Year Ten: 2009I just realized that somehow this decade review is going to end up being eleven posts long, with eleven years, which caused my mind to explode.
My first business license for photography is dated January 1st, 2009. With the purchase of that, and my recent advertising expenses, we were more broke than ever. The word “broke” gets thrown around a lot these days, but my definition was solidified in 2009. Broke means you can’t pay your mortgage, your bank accounts are overdrawn, you’re pulling unemployment, you don’t qualify for a credit card, and you’re writing hot checks for groceries. That’s broke, buddy - and we were flat broke.
That’s not to say we weren’t getting help though. My folks helped us pay our mortgage for a few months and some gracious friends had slipped me an envelope one day with $1,500 in it and a verse written on the outside, which was embarrassing, but not as much as you’d think when you have a wife and kid to feed. You take what you can get. I was still working for my buddy doing some light remodeling, but he couldn’t keep me as busy as I needed to be.
Strangely, during this time, I became both more confident and more vulnerable than ever. I knew I might need some confidence before long, because I wasn’t above storming into a McDonald’s and asking for an application. In fact, I came pretty close. I actually interviewed for a position at Starbucks because they offered full health coverage, but when the manager said they paid $6.50 an hour, I quickly realized I was better off pulling unemployment and working for my buddy John a little longer.
Things started to look up, however, when my photography advertising started paying off. I was getting some calls and emails and had actually booked a few weddings and portrait sessions. If my clients had known I was taking their calls while standing on a twenty-five foot ladder in the January cold with a paintbrush in one hand and a near frozen rag in the other they probably wouldn’t have believed me when I told them I’d been shooting weddings full time for almost two years, but somehow, I must’ve sounded pretty convincing. At that point in my life I’d have lied to the Pope if I thought it would help get me out of the hole.
As the year chugged on I kept booking weddings and we stayed more or less broke the whole time. In March I had enough photography jobs booked to allow me to stop drawing unemployment, but I kept working for John whenever I could. It was a fun job, and although tiring, it felt like an honest living. I had sold my truck and was driving the old Volkswagen Bug that had been parked at my parent’s house for the last ten years. We were back to paying our bills relatively on time, although I had grown certain that the math for our bank account couldn’t possibly be working out logically, so I just stopped looking at it altogether. I thought I might accidentally see some miracle deposit that would disappear as soon as I laid eyes on it.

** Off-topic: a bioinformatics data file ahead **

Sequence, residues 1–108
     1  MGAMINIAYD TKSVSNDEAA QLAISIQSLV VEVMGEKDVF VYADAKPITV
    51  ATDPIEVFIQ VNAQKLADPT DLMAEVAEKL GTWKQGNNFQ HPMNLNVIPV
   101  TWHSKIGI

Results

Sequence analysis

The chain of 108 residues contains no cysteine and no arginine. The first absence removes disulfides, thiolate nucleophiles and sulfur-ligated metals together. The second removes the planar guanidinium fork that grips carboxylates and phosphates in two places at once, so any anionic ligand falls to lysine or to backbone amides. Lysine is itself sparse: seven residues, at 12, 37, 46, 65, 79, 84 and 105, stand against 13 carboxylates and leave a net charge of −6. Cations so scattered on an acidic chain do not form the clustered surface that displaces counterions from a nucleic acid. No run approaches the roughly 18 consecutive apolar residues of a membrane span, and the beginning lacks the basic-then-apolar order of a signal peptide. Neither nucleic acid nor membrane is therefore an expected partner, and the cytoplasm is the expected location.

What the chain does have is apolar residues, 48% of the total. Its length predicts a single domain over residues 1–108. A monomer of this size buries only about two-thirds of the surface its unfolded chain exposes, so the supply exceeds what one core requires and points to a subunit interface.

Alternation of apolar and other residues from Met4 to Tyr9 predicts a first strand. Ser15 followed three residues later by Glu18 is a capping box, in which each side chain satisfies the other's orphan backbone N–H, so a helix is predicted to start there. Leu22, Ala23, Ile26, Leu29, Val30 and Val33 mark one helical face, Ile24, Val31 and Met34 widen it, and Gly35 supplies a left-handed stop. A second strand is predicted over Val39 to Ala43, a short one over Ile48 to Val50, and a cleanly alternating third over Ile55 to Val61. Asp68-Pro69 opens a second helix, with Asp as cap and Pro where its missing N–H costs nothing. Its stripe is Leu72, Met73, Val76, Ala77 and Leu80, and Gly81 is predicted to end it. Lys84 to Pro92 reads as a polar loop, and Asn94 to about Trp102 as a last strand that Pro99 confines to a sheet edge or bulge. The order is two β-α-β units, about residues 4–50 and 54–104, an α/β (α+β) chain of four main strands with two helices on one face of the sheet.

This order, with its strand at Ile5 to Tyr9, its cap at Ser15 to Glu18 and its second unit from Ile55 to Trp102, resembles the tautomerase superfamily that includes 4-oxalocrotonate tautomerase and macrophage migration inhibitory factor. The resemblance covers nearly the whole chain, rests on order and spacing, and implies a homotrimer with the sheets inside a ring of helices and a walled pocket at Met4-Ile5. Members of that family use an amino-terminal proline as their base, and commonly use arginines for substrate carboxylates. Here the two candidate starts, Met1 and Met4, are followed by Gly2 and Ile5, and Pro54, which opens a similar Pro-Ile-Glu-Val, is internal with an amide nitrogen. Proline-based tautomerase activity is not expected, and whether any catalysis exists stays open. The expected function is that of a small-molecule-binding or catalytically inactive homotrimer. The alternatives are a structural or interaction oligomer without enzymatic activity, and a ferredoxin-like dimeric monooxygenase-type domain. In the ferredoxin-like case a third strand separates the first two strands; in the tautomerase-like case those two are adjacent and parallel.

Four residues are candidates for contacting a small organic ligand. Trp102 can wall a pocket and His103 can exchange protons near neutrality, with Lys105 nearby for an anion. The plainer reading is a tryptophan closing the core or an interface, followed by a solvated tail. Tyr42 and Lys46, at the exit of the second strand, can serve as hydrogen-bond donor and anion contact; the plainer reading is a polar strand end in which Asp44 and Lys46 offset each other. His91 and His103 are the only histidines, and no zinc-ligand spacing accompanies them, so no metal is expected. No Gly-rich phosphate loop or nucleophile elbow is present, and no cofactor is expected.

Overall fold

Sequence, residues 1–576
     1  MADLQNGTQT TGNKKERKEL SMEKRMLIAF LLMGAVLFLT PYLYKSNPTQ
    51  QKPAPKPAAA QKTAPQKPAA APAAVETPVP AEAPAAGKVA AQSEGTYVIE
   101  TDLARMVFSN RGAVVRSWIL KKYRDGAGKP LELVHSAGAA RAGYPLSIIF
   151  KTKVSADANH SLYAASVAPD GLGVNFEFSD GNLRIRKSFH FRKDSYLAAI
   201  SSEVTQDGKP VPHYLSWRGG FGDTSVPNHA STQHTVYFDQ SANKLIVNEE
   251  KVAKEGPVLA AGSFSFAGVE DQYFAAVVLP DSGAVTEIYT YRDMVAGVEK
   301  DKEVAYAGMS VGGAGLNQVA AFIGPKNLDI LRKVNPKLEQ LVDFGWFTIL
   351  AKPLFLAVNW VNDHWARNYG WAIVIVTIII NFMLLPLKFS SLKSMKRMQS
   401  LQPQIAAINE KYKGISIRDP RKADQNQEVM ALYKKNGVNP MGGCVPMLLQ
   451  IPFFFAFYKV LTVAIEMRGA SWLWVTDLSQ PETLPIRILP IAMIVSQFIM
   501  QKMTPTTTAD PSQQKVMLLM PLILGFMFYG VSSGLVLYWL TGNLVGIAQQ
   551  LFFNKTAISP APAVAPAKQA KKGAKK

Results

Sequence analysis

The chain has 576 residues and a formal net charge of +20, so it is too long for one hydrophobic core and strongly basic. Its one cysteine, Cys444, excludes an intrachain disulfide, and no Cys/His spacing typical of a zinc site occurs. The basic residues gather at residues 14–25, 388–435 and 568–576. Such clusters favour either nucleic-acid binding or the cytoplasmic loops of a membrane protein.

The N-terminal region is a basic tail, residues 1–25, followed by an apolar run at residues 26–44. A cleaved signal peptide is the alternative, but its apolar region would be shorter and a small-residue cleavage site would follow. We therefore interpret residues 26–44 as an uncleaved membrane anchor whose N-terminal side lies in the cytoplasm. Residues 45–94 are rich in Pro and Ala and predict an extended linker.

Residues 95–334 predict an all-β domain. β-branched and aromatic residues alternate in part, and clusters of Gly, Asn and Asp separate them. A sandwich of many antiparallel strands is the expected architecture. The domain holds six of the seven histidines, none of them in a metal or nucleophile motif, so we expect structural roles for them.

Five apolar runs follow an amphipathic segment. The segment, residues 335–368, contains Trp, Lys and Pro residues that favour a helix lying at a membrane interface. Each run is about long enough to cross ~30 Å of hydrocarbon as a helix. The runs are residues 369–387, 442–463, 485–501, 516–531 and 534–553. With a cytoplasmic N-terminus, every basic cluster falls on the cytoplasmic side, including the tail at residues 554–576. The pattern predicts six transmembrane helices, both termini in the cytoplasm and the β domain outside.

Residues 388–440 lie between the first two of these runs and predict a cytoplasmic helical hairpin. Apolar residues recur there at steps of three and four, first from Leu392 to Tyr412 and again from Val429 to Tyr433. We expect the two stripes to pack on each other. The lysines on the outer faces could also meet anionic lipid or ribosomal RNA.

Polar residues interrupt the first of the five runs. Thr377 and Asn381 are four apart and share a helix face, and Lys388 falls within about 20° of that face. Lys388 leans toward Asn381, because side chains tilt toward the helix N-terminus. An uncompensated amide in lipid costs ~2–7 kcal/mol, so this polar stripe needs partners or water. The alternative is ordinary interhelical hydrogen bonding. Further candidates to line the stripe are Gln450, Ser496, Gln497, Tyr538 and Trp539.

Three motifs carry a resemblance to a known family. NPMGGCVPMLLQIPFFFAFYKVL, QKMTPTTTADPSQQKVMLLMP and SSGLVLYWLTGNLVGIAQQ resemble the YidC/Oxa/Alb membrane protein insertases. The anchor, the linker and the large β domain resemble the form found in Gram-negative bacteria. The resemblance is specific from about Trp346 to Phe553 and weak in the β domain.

By the time summer rolled around I was so baffled by what was happening and how we were somehow being taken care of that I had finally accepted the irrefutable truth that “all things work together for good for those who love God and are called according to his purpose.” I was leaning into the heart of Jesus and he was leaning back. At times I wasn’t sure where he ended and I began. Everything became rose colored, even the day I got in my Bug to run an errand, drove thirty feet and looked up into the rear-view mirror to see five feet of flames and black smoke billowing out of the engine compartment. I jumped out of the car and ran to the house to fill up a water bucket, which takes an incredibly long time when your car is on fire, and looked up just in time to see some Entergy workers hit it with a fire extinguisher from their truck. I dropped the bucket and stood in the road sweating and heaving, watching the old dinosaur smolder and sizzle under the hot summer sun. I thought back to watching the giraffe run in slow motion and a smile crept across my face.
I inherited another temporary car from my in-laws which kept me company for the rest of the year. My photography business was actually picking up but we were by no means resting easy. I stood to make around $20,000 that year. Pre-tax. In the fall we actually refinanced our house just to skip two mortgage payments. We set up the closing date for a week after our payment was due and rolled the next month’s payment into the note. Things were starting to get pretty funny actually. We scoffed in the face of hardship. Then in November we found out Micaiah was pregnant again.
By the end of the year I was shooting a lot of pictures and still working for John, but he was running out of work for me and we were starting to grow worried about making it through the slow winter months when out of nowhere a friend from Construction School called and asked me to supervise and manage the remodeling of his house. He said he would pay me $10,000.
We broke ground just before Christmas.